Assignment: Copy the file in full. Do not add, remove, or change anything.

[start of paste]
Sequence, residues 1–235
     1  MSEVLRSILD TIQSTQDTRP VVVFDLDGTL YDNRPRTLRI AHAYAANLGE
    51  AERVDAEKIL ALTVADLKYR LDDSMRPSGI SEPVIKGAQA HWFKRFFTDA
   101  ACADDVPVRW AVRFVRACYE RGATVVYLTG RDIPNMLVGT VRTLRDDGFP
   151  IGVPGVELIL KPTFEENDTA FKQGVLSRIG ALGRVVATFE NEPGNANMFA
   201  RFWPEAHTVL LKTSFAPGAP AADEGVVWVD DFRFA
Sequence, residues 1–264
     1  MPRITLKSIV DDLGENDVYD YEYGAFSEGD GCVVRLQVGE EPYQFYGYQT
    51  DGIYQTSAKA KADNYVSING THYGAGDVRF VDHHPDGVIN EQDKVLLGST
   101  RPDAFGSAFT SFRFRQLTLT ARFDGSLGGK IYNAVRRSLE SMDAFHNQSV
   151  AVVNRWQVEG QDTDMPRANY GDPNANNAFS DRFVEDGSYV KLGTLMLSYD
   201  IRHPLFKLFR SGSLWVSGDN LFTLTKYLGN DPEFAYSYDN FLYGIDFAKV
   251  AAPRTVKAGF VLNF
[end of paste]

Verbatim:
Sequence, residues 1–235
     1  MSEVLRSILD TIQSTQDTRP VVVFDLDGTL YDNRPRTLRI AHAYAANLGE
    51  AERVDAEKIL ALTVADLKYR LDDSMRPSGI SEPVIKGAQA HWFKRFFTDA
   101  ACADDVPVRW AVRFVRACYE RGATVVYLTG RDIPNMLVGT VRTLRDDGFP
   151  IGVPGVELIL KPTFEENDTA FKQGVLSRIG ALGRVVATFE NEPGNANMFA
   201  RFWPEAHTVL LKTSFAPGAP AADEGVVWVD DFRFA
Sequence, residues 1–264
     1  MPRITLKSIV DDLGENDVYD YEYGAFSEGD GCVVRLQVGE EPYQFYGYQT
    51  DGIYQTSAKA KADNYVSING THYGAGDVRF VDHHPDGVIN EQDKVLLGST
   101  RPDAFGSAFT SFRFRQLTLT ARFDGSLGGK IYNAVRRSLE SMDAFHNQSV
   151  AVVNRWQVEG QDTDMPRANY GDPNANNAFS DRFVEDGSYV KLGTLMLSYD
   201  IRHPLFKLFR SGSLWVSGDN LFTLTKYLGN DPEFAYSYDN FLYGIDFAKV
   251  AAPRTVKAGF VLNF